Solomon Semere

June 5, 2018

Early indications from May reporting show a somewhat surprising recovery in auto sales. A number of industry watchers including Edmunds, Cox Automotive, and Barclays have projected robust growth of between 3-4% for the month. The official Seasonally Adjusted Annualized Rate (SAAR) for U.S. car and light truck sales came in at 16.9M, slightly higher than expectations. While results for individual carmakers were mixed, the overall market for vehicles experienced positive demand.

Turning the corner?

The consensus going into 2018 was for a continuation of the pullback seen in the market over the past year and a half. Back then, we warned of a potential retreat from the boom years which began as the country emerged from the 2008 financial crisis. Sales fell 2 percent in 2017 after hitting a record high in 2016 and were expected to drop further in 2018 despite a solid economy. Early numbers from this winter and spring did nothing to contradict prognostications but that seems to have changed somewhat recently.

What to Look For

It remains to be seen whether the recent activity is a blip in an extended down cycle or a leading indicator of a recovery. Here are the factors we are tracking closely.

  1. Continued deterioration in subprime lending: Buoyed by inexpensive capital and sophisticated underwriting, finance companies aggressively went into the subprime space coming out of the recession. However, underperforming portfolios and an acceleration in defaults is causing many lenders to slash outlook and look for opportunities in higher credit tiers.
  2. Consumer confidence: Many market analysts are attributing positive sales growth to heightened consumer confidence. However, after a nearly decade long recovery, it is still unclear whether consumer confidence is serving as lagging rather than leading economic indicator. Additionally, increased protectionism has the potential to adversely affect global supply and demand for vehicles.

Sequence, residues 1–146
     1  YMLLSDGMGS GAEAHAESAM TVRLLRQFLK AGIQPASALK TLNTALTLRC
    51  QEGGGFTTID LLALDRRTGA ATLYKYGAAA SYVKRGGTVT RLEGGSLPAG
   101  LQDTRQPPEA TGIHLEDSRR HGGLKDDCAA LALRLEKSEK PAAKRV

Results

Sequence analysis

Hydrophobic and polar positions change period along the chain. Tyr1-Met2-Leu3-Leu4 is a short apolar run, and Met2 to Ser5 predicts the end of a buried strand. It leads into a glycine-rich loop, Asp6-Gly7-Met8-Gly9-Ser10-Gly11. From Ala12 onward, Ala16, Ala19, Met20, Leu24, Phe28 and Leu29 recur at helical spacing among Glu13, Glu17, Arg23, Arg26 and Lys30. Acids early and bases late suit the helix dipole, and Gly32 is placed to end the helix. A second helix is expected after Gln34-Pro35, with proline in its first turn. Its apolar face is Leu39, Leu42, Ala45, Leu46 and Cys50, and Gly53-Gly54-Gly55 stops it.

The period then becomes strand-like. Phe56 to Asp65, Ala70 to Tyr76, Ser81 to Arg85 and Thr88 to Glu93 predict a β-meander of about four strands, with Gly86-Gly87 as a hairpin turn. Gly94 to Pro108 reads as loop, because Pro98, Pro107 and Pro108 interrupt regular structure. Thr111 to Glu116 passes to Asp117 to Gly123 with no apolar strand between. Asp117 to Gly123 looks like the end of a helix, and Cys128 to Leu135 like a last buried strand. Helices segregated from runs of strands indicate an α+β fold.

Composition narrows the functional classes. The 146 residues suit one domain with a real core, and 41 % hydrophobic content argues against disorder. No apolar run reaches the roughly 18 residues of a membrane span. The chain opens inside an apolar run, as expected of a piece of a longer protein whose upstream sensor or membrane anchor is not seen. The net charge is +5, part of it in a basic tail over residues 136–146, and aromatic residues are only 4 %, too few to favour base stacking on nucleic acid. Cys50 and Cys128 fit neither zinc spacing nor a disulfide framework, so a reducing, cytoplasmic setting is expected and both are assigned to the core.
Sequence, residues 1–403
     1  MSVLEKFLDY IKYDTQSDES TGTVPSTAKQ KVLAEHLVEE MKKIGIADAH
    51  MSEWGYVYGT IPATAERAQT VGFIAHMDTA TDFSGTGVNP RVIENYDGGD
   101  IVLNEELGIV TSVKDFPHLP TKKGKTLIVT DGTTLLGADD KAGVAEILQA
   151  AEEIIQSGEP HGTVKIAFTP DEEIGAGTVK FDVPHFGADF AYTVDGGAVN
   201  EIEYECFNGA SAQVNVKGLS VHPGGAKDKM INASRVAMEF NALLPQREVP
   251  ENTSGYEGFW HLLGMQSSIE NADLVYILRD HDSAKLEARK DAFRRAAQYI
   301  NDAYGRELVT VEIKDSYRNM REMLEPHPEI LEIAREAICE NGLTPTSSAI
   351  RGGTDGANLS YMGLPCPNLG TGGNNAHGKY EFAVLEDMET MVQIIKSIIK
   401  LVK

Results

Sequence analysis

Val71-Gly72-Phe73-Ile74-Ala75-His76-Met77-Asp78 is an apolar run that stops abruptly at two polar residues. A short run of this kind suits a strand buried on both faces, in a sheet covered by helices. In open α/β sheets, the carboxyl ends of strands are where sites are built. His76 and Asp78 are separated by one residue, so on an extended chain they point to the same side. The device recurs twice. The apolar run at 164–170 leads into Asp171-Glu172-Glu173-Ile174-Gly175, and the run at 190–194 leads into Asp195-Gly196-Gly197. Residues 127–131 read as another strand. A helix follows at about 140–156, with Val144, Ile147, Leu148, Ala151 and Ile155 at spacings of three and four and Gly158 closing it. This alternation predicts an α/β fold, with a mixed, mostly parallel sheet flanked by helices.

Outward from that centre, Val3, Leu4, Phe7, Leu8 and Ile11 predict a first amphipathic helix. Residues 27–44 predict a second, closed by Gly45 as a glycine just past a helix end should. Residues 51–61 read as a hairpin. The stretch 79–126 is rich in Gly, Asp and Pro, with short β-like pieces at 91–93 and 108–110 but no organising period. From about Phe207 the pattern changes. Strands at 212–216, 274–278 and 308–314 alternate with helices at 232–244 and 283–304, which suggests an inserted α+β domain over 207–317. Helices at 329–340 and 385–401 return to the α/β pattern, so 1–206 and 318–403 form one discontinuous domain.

3. Regulatory environment: As expected, the new administration and CFPB has taken a more business friendly approach to regulation and enforcement. As always, a stable compliance and regulatory regime is subject to political realities. Nonetheless, consumer advocates remain vigilant against abusive practices by lenders, dealers, and automakers.
  4. Elevated gas prices: Gas prices have begun to stabilize nationwide after months of acceleration. Research shows a direct link between prices at the pump and consumer demand for new and replacement vehicles.
  5. Increased interest rates: Interest rates continue to climb, driving up borrowing costs for consumers. According to Experian, the average monthly loan payment for a new vehicle hit an all-time high of $523. While the impact will be most felt by those with poor credit, all consumers should expect higher financing costs.

Overall, good news is welcome in the current environment. Our own internal metrics and measures also point to reasons for optimism. The vast majority of our conversations with auto lenders of various shapes, sizes, and business models continues to center around profitable growth and competitive advantage. In an uncertain environment, a robust data and analytics capability will be the key to making sound, objective business decisions.